On-the-road trailer weight increase moves a step closer

The long-running process to increase trailer weights might be frustrating large contractors and farmers, but the latest round of talks have taken the industry one step closer to heavier load limits.

Just over a year ago, a new set of legal amendments were announced that let those involved in agriculture run at higher tractor trailer weights.

The change saw the combined weight of a tractor and single trailed climb from 24.39t to 31t, but the maximum laden weight of trailers remained unchanged at 18.29t.

This initial increase in gross train weight was important – it allowed bigger tractors, up to 6.61t heavier, to pull laden trailers more safely.

However, it has done little for those looking to upgrade their kit or needing to legally use bigger, heavier trailers.

See also: 7 ways to drive your farm vehicle safely and legally

Since then the Department for Transport (DfT) has continued to speak with industry organisations including the National Association of Agricultural Contractors (NAAC), NFU, AEA and Bagma on the second phase of negotiations.

Significant progress has been made and it is expected that a wider industry consultation will take place later in the year.

While this may seem an incredibly slow process to those waiting on results, final weights are tantalisingly close.

Important and costly decisions should then become clearer for those holding on to make buying decisions upgrading their trailers.

The current rules

In the meantime, current legislation still stands with the maximum combined weight of a tractor and single trailer remaining at 31t.

No additional testing is required for either the operator or vehicle to go to the higher weight, although it is still a legal requirement that the vehicle is roadworthy at all times.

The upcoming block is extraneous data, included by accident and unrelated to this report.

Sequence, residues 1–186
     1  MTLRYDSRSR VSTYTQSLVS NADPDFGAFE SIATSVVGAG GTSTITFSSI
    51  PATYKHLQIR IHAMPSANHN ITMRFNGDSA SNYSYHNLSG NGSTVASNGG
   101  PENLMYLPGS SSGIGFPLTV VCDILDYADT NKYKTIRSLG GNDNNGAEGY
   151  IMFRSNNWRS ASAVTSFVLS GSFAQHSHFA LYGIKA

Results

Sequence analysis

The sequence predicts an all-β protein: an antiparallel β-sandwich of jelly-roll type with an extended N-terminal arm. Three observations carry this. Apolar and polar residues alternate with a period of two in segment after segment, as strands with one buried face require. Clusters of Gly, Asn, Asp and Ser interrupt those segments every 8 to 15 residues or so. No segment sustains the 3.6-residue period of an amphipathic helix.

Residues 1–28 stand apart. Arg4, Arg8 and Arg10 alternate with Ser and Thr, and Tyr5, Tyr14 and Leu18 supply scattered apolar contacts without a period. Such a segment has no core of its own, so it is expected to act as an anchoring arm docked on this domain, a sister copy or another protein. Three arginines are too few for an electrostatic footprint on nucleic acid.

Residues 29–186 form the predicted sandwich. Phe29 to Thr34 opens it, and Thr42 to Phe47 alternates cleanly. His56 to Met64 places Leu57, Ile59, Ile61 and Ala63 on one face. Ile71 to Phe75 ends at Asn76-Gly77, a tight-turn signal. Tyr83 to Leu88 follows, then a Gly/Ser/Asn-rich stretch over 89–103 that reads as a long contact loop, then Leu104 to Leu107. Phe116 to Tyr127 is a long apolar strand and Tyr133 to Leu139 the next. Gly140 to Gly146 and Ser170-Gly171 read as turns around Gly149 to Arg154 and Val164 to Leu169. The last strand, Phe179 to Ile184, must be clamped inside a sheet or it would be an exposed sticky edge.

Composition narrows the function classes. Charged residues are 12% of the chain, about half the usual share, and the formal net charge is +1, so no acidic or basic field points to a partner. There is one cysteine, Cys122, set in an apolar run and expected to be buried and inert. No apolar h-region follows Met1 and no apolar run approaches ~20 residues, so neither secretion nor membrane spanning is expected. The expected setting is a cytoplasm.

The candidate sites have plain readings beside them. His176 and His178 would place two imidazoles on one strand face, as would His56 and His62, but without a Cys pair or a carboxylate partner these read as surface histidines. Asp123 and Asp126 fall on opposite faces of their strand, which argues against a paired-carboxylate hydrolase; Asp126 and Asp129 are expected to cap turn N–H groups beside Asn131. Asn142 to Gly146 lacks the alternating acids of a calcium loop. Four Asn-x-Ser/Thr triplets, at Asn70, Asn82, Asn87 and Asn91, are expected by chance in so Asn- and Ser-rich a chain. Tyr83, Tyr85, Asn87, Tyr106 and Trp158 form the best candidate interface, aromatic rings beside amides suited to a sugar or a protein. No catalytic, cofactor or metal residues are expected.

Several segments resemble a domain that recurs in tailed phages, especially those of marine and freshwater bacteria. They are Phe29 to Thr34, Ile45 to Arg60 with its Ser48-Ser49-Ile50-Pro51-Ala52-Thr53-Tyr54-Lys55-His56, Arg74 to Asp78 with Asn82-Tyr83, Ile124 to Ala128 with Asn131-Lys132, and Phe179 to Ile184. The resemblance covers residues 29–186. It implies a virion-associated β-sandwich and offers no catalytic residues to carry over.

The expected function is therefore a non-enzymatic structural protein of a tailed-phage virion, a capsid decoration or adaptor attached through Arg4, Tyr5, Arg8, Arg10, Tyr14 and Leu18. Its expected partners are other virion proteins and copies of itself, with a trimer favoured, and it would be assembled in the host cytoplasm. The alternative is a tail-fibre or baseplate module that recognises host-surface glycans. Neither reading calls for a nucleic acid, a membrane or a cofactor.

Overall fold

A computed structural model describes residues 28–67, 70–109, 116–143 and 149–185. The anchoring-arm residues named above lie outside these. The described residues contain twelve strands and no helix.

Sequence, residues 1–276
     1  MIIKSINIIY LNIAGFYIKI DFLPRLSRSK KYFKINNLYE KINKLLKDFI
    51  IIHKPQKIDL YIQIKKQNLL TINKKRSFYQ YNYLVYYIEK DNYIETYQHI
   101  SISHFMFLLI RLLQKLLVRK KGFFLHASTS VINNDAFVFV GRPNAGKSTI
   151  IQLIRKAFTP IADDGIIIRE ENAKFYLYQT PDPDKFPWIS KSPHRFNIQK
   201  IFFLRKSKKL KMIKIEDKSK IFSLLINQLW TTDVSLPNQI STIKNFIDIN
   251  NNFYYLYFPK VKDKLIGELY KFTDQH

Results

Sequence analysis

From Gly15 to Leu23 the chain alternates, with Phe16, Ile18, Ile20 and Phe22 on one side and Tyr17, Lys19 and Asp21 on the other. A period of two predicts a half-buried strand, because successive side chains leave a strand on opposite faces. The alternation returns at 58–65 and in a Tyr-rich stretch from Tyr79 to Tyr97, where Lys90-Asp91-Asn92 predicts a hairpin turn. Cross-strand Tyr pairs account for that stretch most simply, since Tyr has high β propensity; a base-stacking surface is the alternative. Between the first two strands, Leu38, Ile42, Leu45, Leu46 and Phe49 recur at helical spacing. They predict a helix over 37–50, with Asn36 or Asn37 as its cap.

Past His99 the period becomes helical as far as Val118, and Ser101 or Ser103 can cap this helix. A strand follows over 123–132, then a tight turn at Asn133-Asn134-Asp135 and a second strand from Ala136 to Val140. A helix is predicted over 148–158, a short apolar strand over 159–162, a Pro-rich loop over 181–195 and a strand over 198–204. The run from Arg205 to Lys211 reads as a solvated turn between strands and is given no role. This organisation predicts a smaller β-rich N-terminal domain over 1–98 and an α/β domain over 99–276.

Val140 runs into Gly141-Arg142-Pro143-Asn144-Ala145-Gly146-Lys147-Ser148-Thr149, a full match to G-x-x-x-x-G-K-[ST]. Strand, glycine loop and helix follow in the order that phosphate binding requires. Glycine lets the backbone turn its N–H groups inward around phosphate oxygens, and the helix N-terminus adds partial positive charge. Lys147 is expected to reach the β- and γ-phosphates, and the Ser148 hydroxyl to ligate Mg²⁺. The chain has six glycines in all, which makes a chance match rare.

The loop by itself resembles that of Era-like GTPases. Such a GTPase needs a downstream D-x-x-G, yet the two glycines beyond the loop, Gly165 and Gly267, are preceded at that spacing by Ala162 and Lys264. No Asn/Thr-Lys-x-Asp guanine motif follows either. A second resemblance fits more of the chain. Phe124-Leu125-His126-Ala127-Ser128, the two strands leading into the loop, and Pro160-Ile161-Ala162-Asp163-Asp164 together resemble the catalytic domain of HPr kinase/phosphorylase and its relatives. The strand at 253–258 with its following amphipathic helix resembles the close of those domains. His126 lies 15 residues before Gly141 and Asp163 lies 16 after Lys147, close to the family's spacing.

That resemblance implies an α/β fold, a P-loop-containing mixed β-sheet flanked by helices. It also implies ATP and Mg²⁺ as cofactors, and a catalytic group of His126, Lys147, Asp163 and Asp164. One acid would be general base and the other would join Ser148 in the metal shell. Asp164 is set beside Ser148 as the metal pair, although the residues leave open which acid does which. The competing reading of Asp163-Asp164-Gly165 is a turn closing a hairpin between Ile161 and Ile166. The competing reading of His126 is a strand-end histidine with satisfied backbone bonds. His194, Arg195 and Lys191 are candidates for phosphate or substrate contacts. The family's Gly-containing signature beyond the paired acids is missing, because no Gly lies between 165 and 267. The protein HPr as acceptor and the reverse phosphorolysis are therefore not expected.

Under the Provision and Use of Work Equipment Regulations any machinery used at work must still be properly repaired and in working order.

That includes regular maintenance checks of brakes, hydraulic hoses and power take-off guards.

If tractors and trailers are driven on public roads, they must also comply with the Construction and Use Regulations 1986 and The Road Traffic Act.

If stopped, any defects found would leave the driver and owner liable for prosecution by road traffic law enforcement agencies or the police.

In the future, and if the industry wants to go over the 18.29t threshold, farmers and contractors will most likely need to show that their vehicles are safe and can stop efficiently on the roads.

It has been more than 29 years since this legislation was last reviewed and, during that time, the industry has changed beyond recognition.

Horsepower and capacity of machinery have both increased, and as foragers and combines have got bigger, the haulage sector has been forced to keep pace.

Trailers over 18.29t are already on the market, yet their owners are legally unable to use them to full capacity.

A survey by the NAAC in 2015 showed that almost 60% of respondents had tractor trailer combinations that, if fully laden, would weigh more than 31t and there’s no disputing the need for an update to bring the law closer to the reality of the market.

Problems

One hurdle that could prove awkward is the public and industry opinion on young drivers in large tractors and trailers.

The changes to weights in 2015 did not incur any changes to the age and training of drivers, allowing anyone over 17 with a category F (tractor) or B (car licence) to drive to the 31t limit, with the exception of tracked vehicles.

Any future weight increases move tractors and trailers into weights closer to HGVs but without a similar licensing regime.

Another bone of contention may be the question of whether tractors and trailers are being used for haulage.

Farmers and contractors can use tractors for moving produce as part of the agricultural operation, within limitations for operators’ licencing, but haulage operations take the operator outside the field of many agricultural exemptions.

This means the tractor can no longer be classed as an agricultural vehicle and operators’ licencing, driver’s hours and white diesel come firmly into play.